Qualified on the content I am responsible for because: Research interests My current research projects are in the areas of Cognitive Linguistics (with special focus on the Semantics and Pragmatics of Health Communication) and Typical/Atypical Language Development using a combination of Psycholinguistic and Discourse Analysis approaches. Cognitive Linguistics & Health Communication projects include: • Public health communication: semantics, pragmatics and risk behaviour. In particular, crisis communication about drinking water (funded by a Leverhulme Trust grant) • Impersonalisation, persuasion and identity in medical research articles • Conceptualisations of authority and factuality in lay and professional health discourse Selected Publications Rundblad, G. (2008) 'The semantics and pragmatics of water notices and the impact on public health'. Journal of Water and Health 6.S1: 77-86. Rundblad, G. (2008) ' We, ourselves and who else? Differences in use of passive voice and metonymy for oneself versus other researchers in medical research articles'. English Text Construction 1: 23-40. Rundblad, G. (2007) 'Impersonal, General and Social: The use of metonymy versus passive voice in medical discourse'. Written Communication 24: 250-277. Rundblad, G., Chilton, P. & Hunter, P. (2006) 'An Enquiry into Scientific and Media Discourse in the MMR Controversy: Authority and Factuality'. Communication and Medicine 3, 1, pp.69-80. Rundblad, G. & Kronenfeld, D. (2003) 'The Inevitability of Folk Etymology: A Case of Collective Reality and Invisible Hands' Journal of Pragmatics 35, 1, pp.119-138. Rundblad, G. & Kronenfeld, D. (2003) 'The Semantic Structure of Lexical Fields: Variation and Change' Words in Time: Diachronic semantics from different points of view (eds R. Eckardt, K. von Heusinger & C. Schwarze). Berlin, New York: Mouton de Gruyter. Selected International conferences Rundblad, G. (2008) Cross-Modal Mapping, Metaphor and Language: Lessons from Atypical Development. Lived Experience, Metaphor and Multimodality: Implications in Communication, Education, Learning and Knowledge, Crete Conference papers: ‘Dissemination and Communication: Selling Vaccines to Peers and the General Public’. 2nd World Conference on Magic Bullets (Ehrlich II), Nürnberg. Rundblad, G. (2006) 'Differences in use of passive voice and/or metonymy for oneself versus other researchers in medical discourse'. Annual Conference of The Belgian Association of Anglicists in Higher Education (BAAHE), Leuven. Rundblad, G. (2006) 'Communication Strategies: communicating with professional and lay audiences'. Water Contamination Events: Communication with Consumers, Houston. Rundblad, G. (2005) 'We, ourselves and who else? The role of self versus others in conceptualisation of authority in scientific discourse'. 3rd International Conference on Discourse, Communication and Enterprise (DICOEN), Rio de Janeiro. Education • 1997: PhD - English linguistics (Stockholm University) • 1996: Postgraduate Teacher's Qualification - English language (Stockholm Institute of Education) • 1993: BA - English, German linguistics (Stockholm University)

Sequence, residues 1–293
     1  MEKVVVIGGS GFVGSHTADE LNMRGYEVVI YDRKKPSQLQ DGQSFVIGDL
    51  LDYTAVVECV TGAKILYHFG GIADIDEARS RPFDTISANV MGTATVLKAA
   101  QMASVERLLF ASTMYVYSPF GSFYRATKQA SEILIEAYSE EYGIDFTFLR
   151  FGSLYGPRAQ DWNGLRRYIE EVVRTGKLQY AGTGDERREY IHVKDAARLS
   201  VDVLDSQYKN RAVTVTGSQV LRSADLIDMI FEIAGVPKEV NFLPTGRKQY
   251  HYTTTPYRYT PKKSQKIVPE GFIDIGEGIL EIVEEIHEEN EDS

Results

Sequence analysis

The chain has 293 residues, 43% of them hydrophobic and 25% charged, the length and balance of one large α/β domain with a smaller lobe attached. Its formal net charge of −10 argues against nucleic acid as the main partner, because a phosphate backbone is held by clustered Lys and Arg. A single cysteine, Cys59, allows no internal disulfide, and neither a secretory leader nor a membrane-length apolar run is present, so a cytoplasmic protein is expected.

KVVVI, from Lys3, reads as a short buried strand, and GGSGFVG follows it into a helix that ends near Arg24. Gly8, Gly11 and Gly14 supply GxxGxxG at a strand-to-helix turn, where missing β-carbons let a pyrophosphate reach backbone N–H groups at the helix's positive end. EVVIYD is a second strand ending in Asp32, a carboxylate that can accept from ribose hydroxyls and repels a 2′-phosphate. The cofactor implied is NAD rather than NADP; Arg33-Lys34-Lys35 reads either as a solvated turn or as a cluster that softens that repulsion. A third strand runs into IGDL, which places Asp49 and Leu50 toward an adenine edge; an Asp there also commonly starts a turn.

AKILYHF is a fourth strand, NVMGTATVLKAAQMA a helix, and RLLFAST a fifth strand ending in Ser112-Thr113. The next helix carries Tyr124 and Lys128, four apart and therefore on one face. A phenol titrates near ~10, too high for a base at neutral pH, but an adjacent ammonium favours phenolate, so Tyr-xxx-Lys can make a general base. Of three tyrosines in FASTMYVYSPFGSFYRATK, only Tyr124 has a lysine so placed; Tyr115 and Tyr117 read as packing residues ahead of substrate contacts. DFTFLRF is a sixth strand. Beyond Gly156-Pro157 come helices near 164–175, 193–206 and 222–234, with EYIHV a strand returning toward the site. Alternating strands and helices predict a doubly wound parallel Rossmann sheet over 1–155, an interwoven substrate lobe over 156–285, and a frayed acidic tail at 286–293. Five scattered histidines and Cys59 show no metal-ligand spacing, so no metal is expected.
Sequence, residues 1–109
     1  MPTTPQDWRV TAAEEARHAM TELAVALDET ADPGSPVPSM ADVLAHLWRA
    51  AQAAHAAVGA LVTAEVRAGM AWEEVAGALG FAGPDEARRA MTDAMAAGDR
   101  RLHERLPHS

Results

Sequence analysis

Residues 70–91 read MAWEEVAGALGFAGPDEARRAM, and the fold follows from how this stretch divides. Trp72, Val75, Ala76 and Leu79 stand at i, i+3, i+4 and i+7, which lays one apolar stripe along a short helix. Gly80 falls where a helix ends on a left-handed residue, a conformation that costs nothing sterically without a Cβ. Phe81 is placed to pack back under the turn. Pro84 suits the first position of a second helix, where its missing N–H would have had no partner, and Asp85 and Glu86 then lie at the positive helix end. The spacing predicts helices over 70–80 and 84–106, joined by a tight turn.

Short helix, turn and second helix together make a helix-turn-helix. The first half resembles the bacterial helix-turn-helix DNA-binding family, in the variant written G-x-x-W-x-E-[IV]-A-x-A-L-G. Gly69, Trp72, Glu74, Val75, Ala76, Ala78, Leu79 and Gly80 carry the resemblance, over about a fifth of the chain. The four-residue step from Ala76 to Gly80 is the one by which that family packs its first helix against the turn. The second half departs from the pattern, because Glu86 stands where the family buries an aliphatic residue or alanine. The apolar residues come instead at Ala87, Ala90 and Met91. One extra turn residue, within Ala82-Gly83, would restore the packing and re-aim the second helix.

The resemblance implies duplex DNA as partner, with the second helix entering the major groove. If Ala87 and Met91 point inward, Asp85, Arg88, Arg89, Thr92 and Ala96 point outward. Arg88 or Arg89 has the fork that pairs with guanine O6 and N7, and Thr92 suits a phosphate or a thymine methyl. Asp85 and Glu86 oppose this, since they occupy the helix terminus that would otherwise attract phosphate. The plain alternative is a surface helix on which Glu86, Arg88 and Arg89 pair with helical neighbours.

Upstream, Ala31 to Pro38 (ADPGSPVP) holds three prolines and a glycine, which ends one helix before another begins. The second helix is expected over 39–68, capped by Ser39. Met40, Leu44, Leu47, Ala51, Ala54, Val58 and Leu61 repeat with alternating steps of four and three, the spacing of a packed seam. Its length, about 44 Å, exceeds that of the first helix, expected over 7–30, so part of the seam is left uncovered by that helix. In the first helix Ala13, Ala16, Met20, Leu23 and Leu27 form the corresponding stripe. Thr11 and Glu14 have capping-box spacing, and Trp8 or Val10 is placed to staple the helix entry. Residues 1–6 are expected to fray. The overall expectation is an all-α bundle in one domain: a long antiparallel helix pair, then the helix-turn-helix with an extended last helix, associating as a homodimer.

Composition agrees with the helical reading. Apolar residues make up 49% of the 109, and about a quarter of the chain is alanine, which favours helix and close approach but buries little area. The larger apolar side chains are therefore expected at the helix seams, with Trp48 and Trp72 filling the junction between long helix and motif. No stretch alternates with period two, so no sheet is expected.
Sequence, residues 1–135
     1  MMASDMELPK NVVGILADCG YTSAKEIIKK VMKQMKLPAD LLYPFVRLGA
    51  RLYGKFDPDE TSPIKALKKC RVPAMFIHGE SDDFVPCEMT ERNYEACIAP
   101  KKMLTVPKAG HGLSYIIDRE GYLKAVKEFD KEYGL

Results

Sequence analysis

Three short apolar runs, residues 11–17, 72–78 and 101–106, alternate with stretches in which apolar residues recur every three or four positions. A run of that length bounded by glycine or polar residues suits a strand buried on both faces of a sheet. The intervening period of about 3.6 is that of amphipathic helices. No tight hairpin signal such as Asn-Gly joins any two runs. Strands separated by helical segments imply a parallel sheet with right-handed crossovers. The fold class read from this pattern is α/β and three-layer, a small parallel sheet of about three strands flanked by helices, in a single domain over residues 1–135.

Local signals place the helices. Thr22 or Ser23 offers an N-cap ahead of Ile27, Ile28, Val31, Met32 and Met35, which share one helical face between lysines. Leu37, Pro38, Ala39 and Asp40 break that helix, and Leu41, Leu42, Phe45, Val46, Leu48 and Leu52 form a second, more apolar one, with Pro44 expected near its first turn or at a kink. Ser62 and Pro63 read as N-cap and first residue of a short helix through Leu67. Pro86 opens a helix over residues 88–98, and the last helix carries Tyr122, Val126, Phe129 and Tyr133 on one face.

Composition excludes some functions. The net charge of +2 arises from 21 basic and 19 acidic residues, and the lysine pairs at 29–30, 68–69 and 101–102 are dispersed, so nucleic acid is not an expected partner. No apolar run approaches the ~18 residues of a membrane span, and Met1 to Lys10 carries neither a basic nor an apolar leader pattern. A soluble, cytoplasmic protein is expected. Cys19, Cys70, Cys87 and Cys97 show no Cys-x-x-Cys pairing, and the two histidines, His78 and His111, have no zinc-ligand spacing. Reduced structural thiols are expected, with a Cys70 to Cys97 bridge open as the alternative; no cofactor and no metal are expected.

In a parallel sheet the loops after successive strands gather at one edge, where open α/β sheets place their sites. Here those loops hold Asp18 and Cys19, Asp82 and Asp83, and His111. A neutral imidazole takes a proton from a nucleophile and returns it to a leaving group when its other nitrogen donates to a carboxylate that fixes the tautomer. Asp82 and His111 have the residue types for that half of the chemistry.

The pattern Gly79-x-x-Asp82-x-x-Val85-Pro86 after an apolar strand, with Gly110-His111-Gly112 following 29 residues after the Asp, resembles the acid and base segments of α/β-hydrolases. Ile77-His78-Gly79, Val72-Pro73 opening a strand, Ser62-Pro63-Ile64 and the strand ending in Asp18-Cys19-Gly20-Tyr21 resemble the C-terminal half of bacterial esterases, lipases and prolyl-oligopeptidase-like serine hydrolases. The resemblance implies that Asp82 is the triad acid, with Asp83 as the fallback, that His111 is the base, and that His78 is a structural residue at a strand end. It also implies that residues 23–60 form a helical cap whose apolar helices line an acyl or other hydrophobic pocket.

Any relevant financial relationships? No

I agree to comply with the American Public Health Association Conflict of Interest and Commercial Support Guidelines, and to disclose to the participants any off-label or experimental uses of a commercial product or service discussed in my presentation.